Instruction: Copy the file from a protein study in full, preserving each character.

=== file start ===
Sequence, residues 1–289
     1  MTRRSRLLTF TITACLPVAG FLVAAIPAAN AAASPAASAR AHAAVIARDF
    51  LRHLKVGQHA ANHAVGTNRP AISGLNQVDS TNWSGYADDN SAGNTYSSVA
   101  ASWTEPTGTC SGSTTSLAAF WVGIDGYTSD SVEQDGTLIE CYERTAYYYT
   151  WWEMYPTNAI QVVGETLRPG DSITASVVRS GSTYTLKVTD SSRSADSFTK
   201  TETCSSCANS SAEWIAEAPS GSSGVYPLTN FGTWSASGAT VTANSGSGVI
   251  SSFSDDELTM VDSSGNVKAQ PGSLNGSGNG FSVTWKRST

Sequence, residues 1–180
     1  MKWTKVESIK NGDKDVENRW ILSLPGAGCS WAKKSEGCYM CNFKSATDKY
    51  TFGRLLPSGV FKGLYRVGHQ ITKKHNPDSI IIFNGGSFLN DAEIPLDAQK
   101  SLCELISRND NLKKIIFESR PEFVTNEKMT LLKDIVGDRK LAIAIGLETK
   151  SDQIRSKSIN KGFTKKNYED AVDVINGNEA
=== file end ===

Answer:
Sequence, residues 1–289
     1  MTRRSRLLTF TITACLPVAG FLVAAIPAAN AAASPAASAR AHAAVIARDF
    51  LRHLKVGQHA ANHAVGTNRP AISGLNQVDS TNWSGYADDN SAGNTYSSVA
   101  ASWTEPTGTC SGSTTSLAAF WVGIDGYTSD SVEQDGTLIE CYERTAYYYT
   151  WWEMYPTNAI QVVGETLRPG DSITASVVRS GSTYTLKVTD SSRSADSFTK
   201  TETCSSCANS SAEWIAEAPS GSSGVYPLTN FGTWSASGAT VTANSGSGVI
   251  SSFSDDELTM VDSSGNVKAQ PGSLNGSGNG FSVTWKRST

Sequence, residues 1–180
     1  MKWTKVESIK NGDKDVENRW ILSLPGAGCS WAKKSEGCYM CNFKSATDKY
    51  TFGRLLPSGV FKGLYRVGHQ ITKKHNPDSI IIFNGGSFLN DAEIPLDAQK
   101  SLCELISRND NLKKIIFESR PEFVTNEKMT LLKDIVGDRK LAIAIGLETK
   151  SDQIRSKSIN KGFTKKNYED AVDVINGNEA